Tag: Motorists

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Workmen face abuse from angry motorists
27.02.2013 20:53:04

ANGRY motorists are subjecting workmen to a torrent of abuse over long delays on the A487 on the outskirts of Aberystwyth.

AMEC workers are doing essential safety work for Wales and West Utilities to replace a gas pipe near Southgate as required by the Health and Safety Executive for Wales. But in the latest of a series of hold-ups on the road, the temporary traffic lights are causing massive tailbacks in both directions.

Irate motorists have been witnessed by the Cambrian News venting their frustration at the workmen with foul-mouthed rants, V-signs, and middle-finger gestures.

The work will continue along the A487 to its junction with the access road to Maes Crugiau estate, possibly until next week.

A spokesman for the AMEC workmen said: “We are replacing a gas pipe, and hope to finish by Friday, 1 March, or maybe early next week, if no problems are encountered. “We started on Sunday, 17 February, but major work did not start until Tuesday, when temporary lights were needed.

“The lights are manually controlled for much of the day, with “spotters” at Morrisons roundabout, and in Rhydyfelin, in contact with a colleague on site to report on traffic build-up, which we try to manage.

“But we are subjected to verbal abuse by scores of drivers every day. They are obviously frustrated, but it doesn’t warrant the vitriolic comments and gestures aimed at us. “We are often told to f*** off, get a proper job, but words like w**kers and t**sers are also used, with V-signs, middle-finger gestures, and other verbal expletives.

“The work is not optional - public safety is at stake, so it has to be done, regardless.”

The spokesman also acknowledged that, apart from the delays, some frustration may come from seeing the workmen “standing around”.

He said: “It is often the case that we are waiting for a colleague to finish a particular aspect, maybe for safety, and it gives the wrong impression. “Or perhaps an excavator driver is waiting there until needed.”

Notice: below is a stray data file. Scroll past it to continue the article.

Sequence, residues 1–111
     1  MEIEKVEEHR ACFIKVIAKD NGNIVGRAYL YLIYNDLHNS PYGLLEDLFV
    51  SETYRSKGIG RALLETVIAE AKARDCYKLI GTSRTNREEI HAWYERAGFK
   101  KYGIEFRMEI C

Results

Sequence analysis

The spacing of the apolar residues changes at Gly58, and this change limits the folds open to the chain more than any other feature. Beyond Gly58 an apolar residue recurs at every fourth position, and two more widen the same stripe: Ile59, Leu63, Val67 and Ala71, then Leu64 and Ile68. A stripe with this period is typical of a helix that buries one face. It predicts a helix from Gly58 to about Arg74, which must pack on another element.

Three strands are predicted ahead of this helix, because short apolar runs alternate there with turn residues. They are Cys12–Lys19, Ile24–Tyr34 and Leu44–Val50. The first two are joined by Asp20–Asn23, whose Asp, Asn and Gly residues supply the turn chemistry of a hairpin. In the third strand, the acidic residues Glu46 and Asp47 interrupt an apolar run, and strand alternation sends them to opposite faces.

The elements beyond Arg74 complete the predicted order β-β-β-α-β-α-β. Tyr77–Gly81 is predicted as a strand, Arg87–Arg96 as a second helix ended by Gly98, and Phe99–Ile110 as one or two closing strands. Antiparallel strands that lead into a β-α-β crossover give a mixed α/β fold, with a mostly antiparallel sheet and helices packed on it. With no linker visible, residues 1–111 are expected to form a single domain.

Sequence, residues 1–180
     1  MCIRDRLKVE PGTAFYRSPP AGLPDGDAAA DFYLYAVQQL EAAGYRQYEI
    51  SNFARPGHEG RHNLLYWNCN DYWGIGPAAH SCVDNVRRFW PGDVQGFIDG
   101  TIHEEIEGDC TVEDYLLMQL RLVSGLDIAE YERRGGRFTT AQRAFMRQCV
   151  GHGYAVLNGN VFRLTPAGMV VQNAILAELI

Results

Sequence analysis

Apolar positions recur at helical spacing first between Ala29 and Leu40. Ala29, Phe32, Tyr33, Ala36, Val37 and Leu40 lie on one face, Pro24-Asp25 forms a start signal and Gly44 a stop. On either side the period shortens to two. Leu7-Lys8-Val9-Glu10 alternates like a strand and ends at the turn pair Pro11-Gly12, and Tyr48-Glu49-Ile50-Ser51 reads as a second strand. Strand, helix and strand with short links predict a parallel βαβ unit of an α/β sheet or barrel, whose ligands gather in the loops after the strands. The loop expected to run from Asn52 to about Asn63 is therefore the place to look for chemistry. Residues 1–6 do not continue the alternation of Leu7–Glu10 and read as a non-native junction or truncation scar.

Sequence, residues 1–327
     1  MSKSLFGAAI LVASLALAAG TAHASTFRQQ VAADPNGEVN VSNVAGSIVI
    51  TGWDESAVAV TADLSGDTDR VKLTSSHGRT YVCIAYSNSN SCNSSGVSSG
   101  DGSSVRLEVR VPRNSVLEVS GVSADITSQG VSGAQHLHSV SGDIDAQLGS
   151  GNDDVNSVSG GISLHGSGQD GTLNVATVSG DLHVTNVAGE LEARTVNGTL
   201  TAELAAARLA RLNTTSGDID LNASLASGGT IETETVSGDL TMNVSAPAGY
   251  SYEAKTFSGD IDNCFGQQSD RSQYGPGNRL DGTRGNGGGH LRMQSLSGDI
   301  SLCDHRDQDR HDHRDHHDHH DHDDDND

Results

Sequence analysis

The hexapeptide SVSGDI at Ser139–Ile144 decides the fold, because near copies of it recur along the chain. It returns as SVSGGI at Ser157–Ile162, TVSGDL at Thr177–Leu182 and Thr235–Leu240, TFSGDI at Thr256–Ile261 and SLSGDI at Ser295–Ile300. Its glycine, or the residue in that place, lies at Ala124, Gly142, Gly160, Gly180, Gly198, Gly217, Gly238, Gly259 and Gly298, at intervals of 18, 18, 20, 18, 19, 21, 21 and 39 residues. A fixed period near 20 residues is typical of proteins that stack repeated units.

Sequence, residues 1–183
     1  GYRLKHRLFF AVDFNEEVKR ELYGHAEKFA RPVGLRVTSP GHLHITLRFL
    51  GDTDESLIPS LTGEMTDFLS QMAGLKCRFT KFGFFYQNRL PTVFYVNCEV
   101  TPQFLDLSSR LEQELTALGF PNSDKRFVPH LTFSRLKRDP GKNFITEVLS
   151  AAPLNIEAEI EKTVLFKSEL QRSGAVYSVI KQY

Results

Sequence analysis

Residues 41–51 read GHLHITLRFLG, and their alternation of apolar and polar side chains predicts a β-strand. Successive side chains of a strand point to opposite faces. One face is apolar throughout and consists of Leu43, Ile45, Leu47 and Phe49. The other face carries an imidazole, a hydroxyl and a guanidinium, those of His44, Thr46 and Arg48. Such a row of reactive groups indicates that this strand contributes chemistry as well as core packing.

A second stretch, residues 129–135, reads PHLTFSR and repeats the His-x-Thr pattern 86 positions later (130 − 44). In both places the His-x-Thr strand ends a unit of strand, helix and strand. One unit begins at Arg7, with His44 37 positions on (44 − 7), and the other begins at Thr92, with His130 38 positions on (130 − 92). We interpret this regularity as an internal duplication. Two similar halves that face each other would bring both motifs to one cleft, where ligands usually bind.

Click here for the full story, or see this week's Aberystwyth edition of the Cambrian News



Tags: road works | workmen | abuse | Motorists

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Thousands of Motorists Do Not Wear Seatbelts
19.02.2013 16:41:04
What Percentage of Motorists Do Not Wear Seatbelts?

Thousands of Motorists Do Not Wear Seatbelts

Eleven percent of motorists do not wear seatbelts in the back of cars, The Royal Society for the Prevention of Accidents has revealed. Five percent follow suit in the front. Furthermore, the safety charity has claimed that thirty-one percent in the front of “other vehicles” fail to wear three point harnesses. This, of course, is extremely dangerous. The purpose of seatbelts is to prevent motorists moving excessively during accidents. This enables them to benefit from other safety features such as air-bags and crumple zones. Far preferable to being propelled through windscreens. Furthermore, those in the front - even if buckled-up - can be killed or injured by rear passengers if the latter move forward due to lack of restraints. It has therefore been a legal requirement to wear belts in the front of cars since 1983. This followed the efforts of Lord Nugent of Guildford - then President of The Royal Society of the Prevention of Accidents - who championed an amendment to the Transport Bill. The law was then extended to rear passengers in 1991.

 

Safety Charity Advises Motorists To Wear Seatbelts